The authors declare no conflict of interest.
- Naqshbandi, M.; Canning, J.; Gibson, B.C.; Nash, M.; Crossley, M.J. Room temperature self-assembly of mixed nanoparticles into photonic structures. Nat. Comm. 2012, 3, 1188, doi:10.1038/ncomms2182.
- Canning, J.; Weil, H.; Naqshbandi, M.; Cook, K.; Lancry, M. Laser tailoring surface interactions, contact angles, drop topologies and the self-assembly of optical microwires. Opt. Mat. Express 2013, 3, 284–294, doi:10.1364/OME.3.000284.
- Canning, J.; Ma, M.; Gibson, B.C.; Shi, J.; Cook, K.; Crossley, M.J. Highly ordered mesoporous silica microfibres produced by evaporative self-assembly and fracturing. Opt. Mat. Express 2013, 3, 2028–2036, doi:10.1364/OME.3.002028.
- De Angelis, R.; Venditti, I.; Fratoddi, I.; De Matteis, F.; Prosposito, P.; Cacciotti, I.; D’Amico, L.; Nanni, F.; Yadav, A.; Casalboni, M.; et al. From nanospheres to microribbons: Self-assembled Eosin Y doped PMMA nanoparticles as photonic crystals. J. Colloid Interface Sci. 2014, 414, 24–32, doi:10.1016/j.jcis.2013.09.045.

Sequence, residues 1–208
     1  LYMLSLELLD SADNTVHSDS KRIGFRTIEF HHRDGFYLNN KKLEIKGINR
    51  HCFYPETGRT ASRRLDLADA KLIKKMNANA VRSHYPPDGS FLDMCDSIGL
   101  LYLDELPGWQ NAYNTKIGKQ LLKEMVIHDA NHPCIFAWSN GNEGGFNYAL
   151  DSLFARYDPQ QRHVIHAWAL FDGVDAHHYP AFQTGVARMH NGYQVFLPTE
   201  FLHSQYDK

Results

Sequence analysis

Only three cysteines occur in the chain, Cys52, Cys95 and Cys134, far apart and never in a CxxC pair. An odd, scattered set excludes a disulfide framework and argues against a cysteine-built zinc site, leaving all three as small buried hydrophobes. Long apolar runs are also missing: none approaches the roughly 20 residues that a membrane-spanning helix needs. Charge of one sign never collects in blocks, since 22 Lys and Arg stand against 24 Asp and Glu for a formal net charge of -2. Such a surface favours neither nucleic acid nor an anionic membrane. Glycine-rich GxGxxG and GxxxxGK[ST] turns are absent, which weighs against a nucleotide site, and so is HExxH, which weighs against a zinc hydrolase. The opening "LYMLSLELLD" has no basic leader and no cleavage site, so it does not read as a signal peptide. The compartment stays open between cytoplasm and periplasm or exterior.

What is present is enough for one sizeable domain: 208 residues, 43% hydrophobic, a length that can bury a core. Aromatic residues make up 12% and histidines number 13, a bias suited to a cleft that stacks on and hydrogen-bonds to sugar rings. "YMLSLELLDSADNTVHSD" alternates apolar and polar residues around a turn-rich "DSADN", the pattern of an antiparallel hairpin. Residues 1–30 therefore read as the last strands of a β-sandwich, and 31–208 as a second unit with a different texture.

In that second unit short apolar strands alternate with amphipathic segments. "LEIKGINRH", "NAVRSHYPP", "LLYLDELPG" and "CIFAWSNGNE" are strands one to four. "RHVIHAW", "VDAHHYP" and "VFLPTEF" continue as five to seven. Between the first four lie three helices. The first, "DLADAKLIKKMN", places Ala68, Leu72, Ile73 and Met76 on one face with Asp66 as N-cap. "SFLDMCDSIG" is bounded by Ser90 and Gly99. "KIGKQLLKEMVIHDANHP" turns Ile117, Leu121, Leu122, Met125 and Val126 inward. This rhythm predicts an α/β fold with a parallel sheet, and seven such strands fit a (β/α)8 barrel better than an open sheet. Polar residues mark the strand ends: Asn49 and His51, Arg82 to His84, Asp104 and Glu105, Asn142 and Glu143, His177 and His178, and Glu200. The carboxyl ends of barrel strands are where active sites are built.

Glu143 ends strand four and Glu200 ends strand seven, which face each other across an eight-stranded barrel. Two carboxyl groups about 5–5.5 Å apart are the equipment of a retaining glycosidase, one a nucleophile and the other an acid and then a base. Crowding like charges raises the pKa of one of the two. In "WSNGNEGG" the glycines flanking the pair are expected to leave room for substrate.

- Vos, W.L.; Sprik, R.; van Blaaderen, A.; Imhof, A.; Lagendijk, A.; Wegdam, G.H. Strong effects of photonic band structures on the diffraction of colloidal crystals. Phys. Rev. B 1996, 53, 16231–16235, doi:10.1103/PhysRevB.53.16231.
- Schroden, R.C.; Al-Daous, M.; Blanford, C.F.; Stein, A. Optical properties of inverse opal photonic crystals. Chem. Mater. 2002, 14, 3305–3315, doi:10.1021/cm020100z.
- Cai, Z.; Teng, J.; Xiong, Z.; Li, Y.; Li, Q.; Lu, X.; Zhao, X.S. Fabrication of TiO2 binary inverse opals without overlayers via the sandwich-vacuum infiltration of precursor. Langmuir 2011, 27, 5157–5164, doi:10.1021/la200111j.
- Cai, Z.; Liu, Y. J.; Teng, J.; Lu, X. Fabrication of large domain crack-free colloidal crystal heterostructures with superposition bandgaps using hydrophobic polystyrene spheres. ACS App. Mater. Interfaces 2012, 4, 5562–5569, doi:10.1021/am3014482.
- Cademartiri, L.; Bishop, K.J.M.; Snyder, P.W.; Ozin, G.A. Using shape for self-assembly. Phil. Tran. R. Soc. A 2012, 28, 2824–2847, doi:10.1098/rsta.2011.0254.
- Adams, D.M. Inorganic Solids; John Wiley & Sons: Chichester, UK, 1974.
- Hulsken, B.; van Hameren, R.; Gerritsen, J.W.; Khoury, T.; Thordarson, P.; Crossley, M.J.; Rowan, A.E.; Nolte, R.J.M.; Elemens, A.A.W.; Speller, S. Real-time single-molecule imaging of oxidation catalysis at a liquid-solid interface. Nat. Nanotech. 2007, 2, 285–289, doi:10.1038/nnano.2007.106.